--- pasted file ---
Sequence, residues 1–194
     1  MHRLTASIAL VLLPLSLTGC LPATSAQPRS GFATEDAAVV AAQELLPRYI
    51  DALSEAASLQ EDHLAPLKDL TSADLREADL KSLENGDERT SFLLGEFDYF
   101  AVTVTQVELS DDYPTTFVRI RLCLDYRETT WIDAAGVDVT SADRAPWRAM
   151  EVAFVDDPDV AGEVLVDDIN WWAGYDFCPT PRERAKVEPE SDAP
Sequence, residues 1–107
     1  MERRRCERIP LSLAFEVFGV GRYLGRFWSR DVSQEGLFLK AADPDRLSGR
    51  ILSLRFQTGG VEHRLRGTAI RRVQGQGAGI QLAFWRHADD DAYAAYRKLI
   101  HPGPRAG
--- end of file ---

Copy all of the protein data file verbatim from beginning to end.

Sequence, residues 1–194
     1  MHRLTASIAL VLLPLSLTGC LPATSAQPRS GFATEDAAVV AAQELLPRYI
    51  DALSEAASLQ EDHLAPLKDL TSADLREADL KSLENGDERT SFLLGEFDYF
   101  AVTVTQVELS DDYPTTFVRI RLCLDYRETT WIDAAGVDVT SADRAPWRAM
   151  EVAFVDDPDV AGEVLVDDIN WWAGYDFCPT PRERAKVEPE SDAP
Sequence, residues 1–107
     1  MERRRCERIP LSLAFEVFGV GRYLGRFWSR DVSQEGLFLK AADPDRLSGR
    51  ILSLRFQTGG VEHRLRGTAI RRVQGQGAGI QLAFWRHADD DAYAAYRKLI
   101  HPGPRAG